The Great Lakes: The Natural History of a Changing Region (Hardcover)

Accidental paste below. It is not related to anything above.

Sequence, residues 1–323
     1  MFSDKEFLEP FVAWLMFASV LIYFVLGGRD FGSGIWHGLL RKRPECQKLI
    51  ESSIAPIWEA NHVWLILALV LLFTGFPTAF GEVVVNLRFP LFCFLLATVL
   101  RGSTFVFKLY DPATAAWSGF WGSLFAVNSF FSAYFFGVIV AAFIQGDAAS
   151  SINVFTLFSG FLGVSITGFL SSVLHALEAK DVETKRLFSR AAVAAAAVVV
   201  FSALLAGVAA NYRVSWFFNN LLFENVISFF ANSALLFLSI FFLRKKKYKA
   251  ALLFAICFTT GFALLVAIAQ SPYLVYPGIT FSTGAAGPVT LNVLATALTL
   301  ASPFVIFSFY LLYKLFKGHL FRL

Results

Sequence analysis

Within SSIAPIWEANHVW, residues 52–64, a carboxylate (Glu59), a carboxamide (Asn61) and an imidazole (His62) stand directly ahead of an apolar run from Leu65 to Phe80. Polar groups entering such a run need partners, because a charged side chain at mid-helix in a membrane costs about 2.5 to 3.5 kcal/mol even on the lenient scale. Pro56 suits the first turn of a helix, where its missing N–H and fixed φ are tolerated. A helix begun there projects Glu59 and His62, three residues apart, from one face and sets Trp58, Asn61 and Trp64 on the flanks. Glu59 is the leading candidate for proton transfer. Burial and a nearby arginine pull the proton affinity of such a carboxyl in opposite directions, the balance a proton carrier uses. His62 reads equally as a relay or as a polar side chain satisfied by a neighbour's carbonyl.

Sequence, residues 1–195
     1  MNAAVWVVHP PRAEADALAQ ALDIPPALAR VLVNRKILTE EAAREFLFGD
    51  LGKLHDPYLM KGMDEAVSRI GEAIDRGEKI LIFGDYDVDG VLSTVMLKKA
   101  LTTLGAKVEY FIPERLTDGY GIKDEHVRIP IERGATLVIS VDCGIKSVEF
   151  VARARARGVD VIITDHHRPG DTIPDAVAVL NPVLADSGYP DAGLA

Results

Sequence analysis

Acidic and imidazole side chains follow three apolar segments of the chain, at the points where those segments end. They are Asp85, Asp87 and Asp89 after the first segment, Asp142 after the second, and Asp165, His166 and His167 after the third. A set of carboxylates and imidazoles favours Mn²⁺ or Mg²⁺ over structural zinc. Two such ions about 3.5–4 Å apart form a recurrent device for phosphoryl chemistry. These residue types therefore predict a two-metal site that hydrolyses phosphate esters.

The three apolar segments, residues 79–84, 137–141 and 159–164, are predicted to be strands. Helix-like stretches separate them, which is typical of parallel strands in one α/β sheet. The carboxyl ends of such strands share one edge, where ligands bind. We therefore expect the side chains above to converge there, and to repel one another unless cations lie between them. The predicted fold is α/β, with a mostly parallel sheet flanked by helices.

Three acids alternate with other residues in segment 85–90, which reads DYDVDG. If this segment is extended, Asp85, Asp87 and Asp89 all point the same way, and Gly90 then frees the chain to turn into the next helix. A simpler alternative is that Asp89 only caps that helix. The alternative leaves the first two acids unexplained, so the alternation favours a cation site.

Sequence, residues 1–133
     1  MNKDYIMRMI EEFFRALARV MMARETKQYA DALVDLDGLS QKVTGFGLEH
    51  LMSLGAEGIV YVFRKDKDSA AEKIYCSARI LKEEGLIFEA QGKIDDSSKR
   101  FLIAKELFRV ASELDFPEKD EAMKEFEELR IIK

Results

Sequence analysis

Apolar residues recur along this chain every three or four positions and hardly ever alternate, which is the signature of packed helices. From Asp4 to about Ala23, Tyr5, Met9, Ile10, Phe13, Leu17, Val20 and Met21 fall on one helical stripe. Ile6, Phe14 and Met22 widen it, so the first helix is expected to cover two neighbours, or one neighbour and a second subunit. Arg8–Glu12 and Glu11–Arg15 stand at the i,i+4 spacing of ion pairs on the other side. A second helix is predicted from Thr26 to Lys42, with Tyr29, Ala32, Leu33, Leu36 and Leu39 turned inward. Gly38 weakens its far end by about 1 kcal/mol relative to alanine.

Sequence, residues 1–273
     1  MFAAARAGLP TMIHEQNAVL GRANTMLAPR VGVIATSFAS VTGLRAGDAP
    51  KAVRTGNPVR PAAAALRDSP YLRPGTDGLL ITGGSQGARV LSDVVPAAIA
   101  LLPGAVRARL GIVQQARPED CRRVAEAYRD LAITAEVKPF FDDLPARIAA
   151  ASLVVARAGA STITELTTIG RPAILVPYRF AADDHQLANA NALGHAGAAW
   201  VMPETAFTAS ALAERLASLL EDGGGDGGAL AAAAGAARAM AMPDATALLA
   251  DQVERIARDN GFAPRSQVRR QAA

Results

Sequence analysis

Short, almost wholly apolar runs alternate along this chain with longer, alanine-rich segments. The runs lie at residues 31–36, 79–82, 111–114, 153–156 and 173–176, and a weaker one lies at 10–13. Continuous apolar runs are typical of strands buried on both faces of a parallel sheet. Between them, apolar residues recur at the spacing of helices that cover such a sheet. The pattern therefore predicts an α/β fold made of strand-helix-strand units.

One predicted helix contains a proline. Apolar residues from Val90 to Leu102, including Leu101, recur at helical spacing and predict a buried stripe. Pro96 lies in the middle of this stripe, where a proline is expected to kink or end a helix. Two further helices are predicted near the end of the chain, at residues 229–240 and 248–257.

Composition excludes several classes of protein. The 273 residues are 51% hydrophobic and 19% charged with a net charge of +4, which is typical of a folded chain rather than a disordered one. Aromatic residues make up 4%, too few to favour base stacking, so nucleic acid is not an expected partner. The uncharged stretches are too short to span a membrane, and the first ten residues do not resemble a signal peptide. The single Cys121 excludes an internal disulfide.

Ever since French explorer Samuel de Champlain's first taste of what he called "la mer douce" -- the freshwater sea -- the Great Lakes have been admired, exploited, and renewed. This vast region is a study in contrasts: a hub of industry that's the resting spot for billions of migrating birds. 40 million residents, immense untamed forests. 95 percent of North America's fresh water and a dumping ground for poisonous wastes. The Great Lakes is an authoritative, accessible look at an ecosystem in eternal flux. Written by one of North America's most acclaimed science and nature writers, the book explores the area's geological formation and its role in human history; its diverse plant, bird, and animal species; and its significant physical, climatic, and environmental features. This captivating tribute to the Great Lakes region is also an essential guide to the challenge of preserving the natural world.